Drone Footage from California shows Killer Whales Eating a Living Shark

Drone Footage from California shows Killer Whales Eating a Living Shark

A video captured by a wildlife photographer on Monterey Bay Whale Watch tour shows a group of killer whales eating a still-living shark. The video shared by wildlife photographer Slater Moore showcases the speed at which killer whales finished up the shark.

Mr. Moore captured the amazing footage with his drone mounted camera. In video shows two adult female killer whales and two calves finishing up a still-living shark. It is quite rare to spot whales attacking a shark as they usually hunt and feed underwater.

Monterey Bay Whale Watch owner and marine biologist Nancy Black has witnessed many killer whale attacks in the past. Last year, Black noticed killer whales chasing a group of sea lions. As killer whales reached sea lions, they were chased away by humpback whales. But soon, they found another group of sea lions. Whale watchers generally term humpback whales as the humanitarians of the sea.

Killer whales are the largest dolphins and their food includes fish, seals, sea lions and even whales at times. Many times, killer whales have been chased away by humpback whales.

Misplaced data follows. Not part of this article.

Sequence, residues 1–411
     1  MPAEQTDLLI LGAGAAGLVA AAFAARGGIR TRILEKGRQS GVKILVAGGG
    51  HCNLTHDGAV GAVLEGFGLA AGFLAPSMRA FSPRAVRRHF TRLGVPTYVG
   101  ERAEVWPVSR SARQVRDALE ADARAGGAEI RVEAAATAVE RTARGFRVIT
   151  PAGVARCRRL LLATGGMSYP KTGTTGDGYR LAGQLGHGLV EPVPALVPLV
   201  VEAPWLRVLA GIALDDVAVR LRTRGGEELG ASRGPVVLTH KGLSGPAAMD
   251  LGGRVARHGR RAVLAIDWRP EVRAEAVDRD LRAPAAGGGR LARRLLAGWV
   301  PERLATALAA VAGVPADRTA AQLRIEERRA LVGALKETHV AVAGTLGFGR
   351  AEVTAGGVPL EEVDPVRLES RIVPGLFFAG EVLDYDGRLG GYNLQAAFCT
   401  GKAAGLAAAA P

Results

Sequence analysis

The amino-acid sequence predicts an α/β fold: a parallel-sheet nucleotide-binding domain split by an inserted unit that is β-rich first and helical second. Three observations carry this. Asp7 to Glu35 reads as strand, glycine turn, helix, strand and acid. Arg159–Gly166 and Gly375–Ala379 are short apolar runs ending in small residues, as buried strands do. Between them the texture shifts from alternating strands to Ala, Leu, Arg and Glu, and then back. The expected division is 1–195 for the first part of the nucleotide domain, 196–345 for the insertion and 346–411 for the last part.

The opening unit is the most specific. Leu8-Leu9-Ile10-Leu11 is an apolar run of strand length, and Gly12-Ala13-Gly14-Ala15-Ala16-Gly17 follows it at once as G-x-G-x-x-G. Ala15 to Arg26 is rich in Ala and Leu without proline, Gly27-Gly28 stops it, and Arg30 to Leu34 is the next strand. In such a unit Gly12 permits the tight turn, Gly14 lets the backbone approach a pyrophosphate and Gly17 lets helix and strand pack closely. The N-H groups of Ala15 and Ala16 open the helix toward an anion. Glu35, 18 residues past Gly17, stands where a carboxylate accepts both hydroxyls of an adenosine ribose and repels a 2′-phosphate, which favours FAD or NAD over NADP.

Monterey Bay Whale Watch group informed on its Facebook page, “This ecotype of Killer Whales often travels in large groups and were seen about this time last December. We saw about 25 individuals and we have footage of them feeding on a Sevengill Shark!”

Marine biologist Katlyn Taylor said, “All of a sudden one of them brought it up, brought up the whole shark — and it was still alive, it was squirming around.” Taylor added that the shark attacked by killer whales was probably a sevengill shark. They usually grow up to 10 feet and this one was around 5 feet, Taylor informed.

Talking about the rare incident captured during the whale watching tour, Taylor said, “They hold their breath a long time, they swim really fast, they travel way offshore. That’s part of the fun though, you never know what’s going to happen. Like watching two baby whales, and, probably, their mothers, eat a shark alive.”

A report published by Mercury News informed, “Scientists say it’s possible humpbacks might be proactively protecting their kin as well, but they need to study the issue further to be sure.”

For those hoping to catch a glimpse of humpbacks and killer whales in action in the Monterey Bay, Black said, it shouldn’t be hard: The bay’s unique topography creates a high concentration of humpback food — krill and small fish like sardines — close to shore.